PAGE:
I love chewy oatmeal raisin cookies. But when you combine tart, dried cherries with dark chocolate chips, you get a truly unique cookie that your guests will rave about. These cookies are great pareve or dairy and can me made a few days ahead of time.
Tip: To bring out the sweetness of cookies, don’t forget the salt! Combine 1/2 tablespoon thick sea salt with 1/2 tablespoon sanding sugar and sprinkle just a pinch on each cookie. The sanding sugar with make the cookies look beautiful and the salt will really add a depth of flavor and bring out the cookie’s sweetness.
- 1 3/4 cups old-fashioned rolled oats
- 3/4 cup flour
- 3/4 teaspoon cinnamon
- 1/2 teaspoon baking soda
- 1/2 teaspoon salt
- 1 1/4 sticks unsalted butter or margarine, softened
- 1/3 cup packed light brown sugar
- 1/3 cup granulated sugar
- 1 egg
- 1/2 teaspoon vanilla
- 1/2 cup semi-sweet chocolate chips
- 1/2 cup dried cherries
- 1/2 tablespoon thick sea salt (optional)
- 1/2 tablespoon sanding sugar (optional)
Preheat oven to 375 degrees.
Combine oats, flour, cinnamon, baking soda and salt in a medium bowl. Beat butter or margarine with sugars with a mixer until light and fluffy. Add egg and vanilla.
Add dry ingredients to wet ingredients until just combine. Fold in the chocolate chips and cherries (or other add-ins). Don’t overmix. In a small bowl combine sanding sugar and sea salt.
Using a cookie scoop, drop cookies on a baking sheet 2 inches apart. Lightly flatten cookies with moistened fingers. Sprinkle a pinch of sea salt and sugar on top of each cookie.
Bake for 10-12 minutes or until golden. Let cool for 2 or 3 minutes on baking sheet and then transfer to cooling racks.
Shannon Sarna is the editor of The Nosher, a 70 Faces Media company.
“Do not stand idly by” is a popular mantra of Jewish activists who fight injustice. Whether the injustice is genocide in Sudan or child migrants...
The evening before I watched the new film “Islam and the Future of Tolerance” — a dialogue between religion critics Sam Harris and Maajid Nawaz...
Those of us who inhabit the space in American politics between the 40-yard lines have watched with dismay as the nation’s two major parties retreat...
“Hey, let’s talk to people who were always going to vote for us anyway!” That seems to be the sum total of the Democratic Party’s...
In the last week of November, I was on Hollywood Boulevard with my musical director, Moshe Storch, interviewing people for a Hanukkah video about miracles...
Last spring, as I was walking alone to a Shabbat dinner in Pico-Robertson, no car was in sight when I stepped off the curb at...
The death of former President George H.W. Bush brought Mikhail Gorbachev back into the news. The great former Soviet leader, who deserves immeasurable credit for...
Our age seems to be addicted to what Mark Twain called “lies, damned lies, and statistics.” But when it comes to the upsurge of anti-Semitism...
Little noted in the remem-brances of former President George H.W. Bush, including his loving eldest son’s, former President George W. Bush, is their namesake ancestor,...
With undergraduate degrees in political science and history from Tel Aviv University, Lee Moser knew of historian and politician Michael Oren, a popular teacher. So...
Is anti-Zionism akin to anti-Semitism? The debate is tired, but continues full force nonetheless. “Certainly, some criticism of Israel is anti-Semitic, but it’s entirely possible...
“Soheyl” is a Persian Jew in his early 30s. He’s also a homeless drug addict who often can be found sleeping on the sidewalk near...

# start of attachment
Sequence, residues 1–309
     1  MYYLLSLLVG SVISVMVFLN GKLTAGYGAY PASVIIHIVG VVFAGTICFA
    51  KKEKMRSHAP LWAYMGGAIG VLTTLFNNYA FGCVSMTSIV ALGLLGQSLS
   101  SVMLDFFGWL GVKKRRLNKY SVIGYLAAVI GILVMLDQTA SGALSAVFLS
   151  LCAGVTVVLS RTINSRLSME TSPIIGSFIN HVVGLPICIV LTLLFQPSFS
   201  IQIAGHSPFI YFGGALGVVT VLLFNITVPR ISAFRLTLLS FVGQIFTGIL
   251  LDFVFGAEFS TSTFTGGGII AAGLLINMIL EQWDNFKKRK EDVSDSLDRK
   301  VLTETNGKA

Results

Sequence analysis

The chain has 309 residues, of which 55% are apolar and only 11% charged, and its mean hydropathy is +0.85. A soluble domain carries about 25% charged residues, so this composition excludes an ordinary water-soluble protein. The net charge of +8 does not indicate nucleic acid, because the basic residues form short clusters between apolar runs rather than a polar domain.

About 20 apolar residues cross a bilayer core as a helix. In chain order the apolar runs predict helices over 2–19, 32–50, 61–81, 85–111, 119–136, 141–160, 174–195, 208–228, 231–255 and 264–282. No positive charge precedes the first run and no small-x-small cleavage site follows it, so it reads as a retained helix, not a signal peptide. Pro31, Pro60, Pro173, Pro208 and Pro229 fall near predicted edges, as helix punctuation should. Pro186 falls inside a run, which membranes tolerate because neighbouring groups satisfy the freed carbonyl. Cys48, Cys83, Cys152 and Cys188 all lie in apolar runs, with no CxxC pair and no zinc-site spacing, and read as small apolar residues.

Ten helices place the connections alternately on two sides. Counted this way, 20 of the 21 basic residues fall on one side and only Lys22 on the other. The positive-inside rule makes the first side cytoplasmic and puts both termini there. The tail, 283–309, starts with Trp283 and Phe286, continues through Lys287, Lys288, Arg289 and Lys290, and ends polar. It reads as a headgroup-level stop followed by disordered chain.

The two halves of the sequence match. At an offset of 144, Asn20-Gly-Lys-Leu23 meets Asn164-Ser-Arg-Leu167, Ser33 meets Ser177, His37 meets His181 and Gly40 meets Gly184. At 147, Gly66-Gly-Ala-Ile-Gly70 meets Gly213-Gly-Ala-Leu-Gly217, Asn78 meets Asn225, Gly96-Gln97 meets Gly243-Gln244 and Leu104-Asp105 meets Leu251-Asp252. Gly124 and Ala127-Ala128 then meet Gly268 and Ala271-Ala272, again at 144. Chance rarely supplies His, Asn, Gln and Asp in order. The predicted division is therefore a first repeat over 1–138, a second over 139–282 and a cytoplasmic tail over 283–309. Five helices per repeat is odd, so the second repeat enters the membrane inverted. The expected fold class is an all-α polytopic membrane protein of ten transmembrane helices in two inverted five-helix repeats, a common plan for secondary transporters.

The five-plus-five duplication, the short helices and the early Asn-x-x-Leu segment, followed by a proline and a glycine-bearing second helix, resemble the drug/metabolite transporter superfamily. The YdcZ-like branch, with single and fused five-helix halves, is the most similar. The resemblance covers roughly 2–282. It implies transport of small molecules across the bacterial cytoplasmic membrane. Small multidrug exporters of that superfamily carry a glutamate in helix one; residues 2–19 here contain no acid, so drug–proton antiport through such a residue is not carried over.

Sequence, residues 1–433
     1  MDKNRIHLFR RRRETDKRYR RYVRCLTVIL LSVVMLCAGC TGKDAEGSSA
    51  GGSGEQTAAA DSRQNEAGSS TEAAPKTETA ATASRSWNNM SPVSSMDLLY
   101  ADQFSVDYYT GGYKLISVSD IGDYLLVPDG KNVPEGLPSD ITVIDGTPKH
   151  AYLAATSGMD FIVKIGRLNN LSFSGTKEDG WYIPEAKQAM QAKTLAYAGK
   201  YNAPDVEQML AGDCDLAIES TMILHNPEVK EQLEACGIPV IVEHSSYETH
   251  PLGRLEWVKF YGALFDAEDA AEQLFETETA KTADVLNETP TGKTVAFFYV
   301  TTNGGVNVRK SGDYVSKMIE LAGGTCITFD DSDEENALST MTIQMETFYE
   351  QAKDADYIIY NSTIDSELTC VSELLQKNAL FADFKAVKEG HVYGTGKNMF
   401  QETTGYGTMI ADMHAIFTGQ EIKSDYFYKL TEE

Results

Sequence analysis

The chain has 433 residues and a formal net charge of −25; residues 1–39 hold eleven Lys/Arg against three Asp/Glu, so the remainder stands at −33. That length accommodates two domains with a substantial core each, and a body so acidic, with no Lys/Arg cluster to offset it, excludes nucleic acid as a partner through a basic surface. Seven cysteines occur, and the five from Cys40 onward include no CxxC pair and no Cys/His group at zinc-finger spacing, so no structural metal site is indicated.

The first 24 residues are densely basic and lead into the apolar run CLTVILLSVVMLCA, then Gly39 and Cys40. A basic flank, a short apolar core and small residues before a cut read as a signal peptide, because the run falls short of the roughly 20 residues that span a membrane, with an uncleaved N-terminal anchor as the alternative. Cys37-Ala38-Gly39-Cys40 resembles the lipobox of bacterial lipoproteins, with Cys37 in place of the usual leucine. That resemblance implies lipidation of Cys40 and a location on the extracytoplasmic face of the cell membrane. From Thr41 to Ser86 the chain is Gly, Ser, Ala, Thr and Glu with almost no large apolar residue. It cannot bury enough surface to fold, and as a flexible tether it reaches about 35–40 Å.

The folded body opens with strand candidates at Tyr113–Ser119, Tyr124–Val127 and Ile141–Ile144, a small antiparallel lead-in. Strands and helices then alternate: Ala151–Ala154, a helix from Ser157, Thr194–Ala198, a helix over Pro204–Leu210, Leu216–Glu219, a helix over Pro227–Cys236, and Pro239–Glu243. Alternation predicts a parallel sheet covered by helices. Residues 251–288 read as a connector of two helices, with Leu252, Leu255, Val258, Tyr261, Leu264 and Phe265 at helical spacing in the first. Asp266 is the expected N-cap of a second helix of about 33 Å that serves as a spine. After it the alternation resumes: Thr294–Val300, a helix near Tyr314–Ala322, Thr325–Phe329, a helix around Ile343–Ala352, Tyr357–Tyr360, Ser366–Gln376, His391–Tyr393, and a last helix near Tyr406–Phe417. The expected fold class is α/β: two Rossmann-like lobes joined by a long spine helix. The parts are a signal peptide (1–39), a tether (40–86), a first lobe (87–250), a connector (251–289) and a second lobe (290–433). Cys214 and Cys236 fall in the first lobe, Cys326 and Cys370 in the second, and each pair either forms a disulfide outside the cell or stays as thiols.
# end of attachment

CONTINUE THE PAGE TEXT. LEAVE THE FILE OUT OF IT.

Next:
Yvette isn’t young no more Though she’s still eighteen She’s taking night school Works three jobs The real American dream. She lights candles from The...
One verse, five voices. Edited by Salvador Litvak, Accidental Talmudist “I will go down with you to Egypt, and I will also bring you up, and...
Shakshuka in my household growing up was eggs scrambled with peppers, tomatoes and onions. Don’t ask me how that became a thing because neither of...
Whether it’s lemon saffron matzo ball soup or garlic rosemary challah, food blogger turned cookbook author Samantha Ferraro (“The Weeknight Mediterranean Kitchen”) loves putting her...
The nonprofit Jewish Free Loan Association (JFLA) of Los Angeles has increased its personal emergency loan cap to $15,000 for those affected by the Woolsey...
Thirteen-year-old Leah Khorsandi is no stranger to Holocaust survivors, having met several at an annual gathering when she was a student at Sinai Temple’s religious...
For three years, Los Angeles residents Michael Schwartzbach and his wife, Breanna, struggled to become pregnant. They went to different doctors and tried various methods...
About 160 people gathered at the Hancock Park home of Lisa and Josh Hofheimer on Dec. 1 for “Love, Light and Life Under the Stars,”...
What does a Jew who doesn’t fancy the traditional visit to a Chinese restaurant do on Christmas Eve? In Los Angeles, the hottest ticket to...
Television journalist, producer and five-time Emmy Award-winner Giselle Fernandez brings three decades of experience to her new anchor job at Spectrum News 1, the cable...
The plainspoken title of "How Old Is the Hebrew Bible?" by Ronald Hendel and Jan Joosten (Yale University Press) poses a simple question, but the answer...
FRI DEC 14 [caption id="attachment_243450" align="aligncenter" width="900"] Emiliana Guereca Zeidenfeld[/caption] Women's March L.A. One month before the Jan. 19 Women’s March Los Angeles, Women’s March...
Randolph Louis Braham, a two-time Jewish National Book Award winner for works on the Holocaust in his homeland of Hungary, and a founding member of the...
This week, while the television and motion picture industry was eagerly awaiting the announcement of the Golden Globe nominations, the design community was on pins...
The November wildfires ravaged vast swaths of Northern and Southern California, resulting in record-setting death and destruction. Losses significantly impacted sects of Los Angeles’ Jewish...
The Idea of a ‘Radical Middle’ I really enjoyed Karen Lehrman Bloch’s story about the radical middle (“Hope for a Radical Middle, Dec. 7). I...
“Tomb of Samuel,” 2018 Dave Bender The tomb of the Prophet Samuel. The site, venerated by Jews and Muslims, is also called Nabi Samwil and sits...
Cartoon illustration by Steve Greenberg. For more of his work visit his website.
1. A first public opinion poll after almost three weeks revealed potential risks for the coalition. Benni Gantz – a candidate whose popularity seems to be...